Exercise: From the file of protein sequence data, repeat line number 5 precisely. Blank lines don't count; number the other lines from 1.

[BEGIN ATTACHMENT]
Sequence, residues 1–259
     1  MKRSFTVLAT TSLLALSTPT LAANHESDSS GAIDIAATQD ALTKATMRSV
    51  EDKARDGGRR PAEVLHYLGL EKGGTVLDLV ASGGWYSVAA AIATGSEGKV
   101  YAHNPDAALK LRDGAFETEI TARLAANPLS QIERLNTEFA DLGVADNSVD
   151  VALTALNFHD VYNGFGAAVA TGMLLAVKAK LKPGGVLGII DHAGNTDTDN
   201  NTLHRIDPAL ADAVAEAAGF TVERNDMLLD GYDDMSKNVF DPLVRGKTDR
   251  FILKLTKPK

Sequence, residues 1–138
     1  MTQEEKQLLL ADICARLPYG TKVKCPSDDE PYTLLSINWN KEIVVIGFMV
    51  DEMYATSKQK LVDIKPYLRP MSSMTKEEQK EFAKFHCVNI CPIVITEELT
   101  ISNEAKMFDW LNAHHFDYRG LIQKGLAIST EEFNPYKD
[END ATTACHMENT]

   151  VALTALNFHD VYNGFGAAVA TGMLLAVKAK LKPGGVLGII DHAGNTDTDN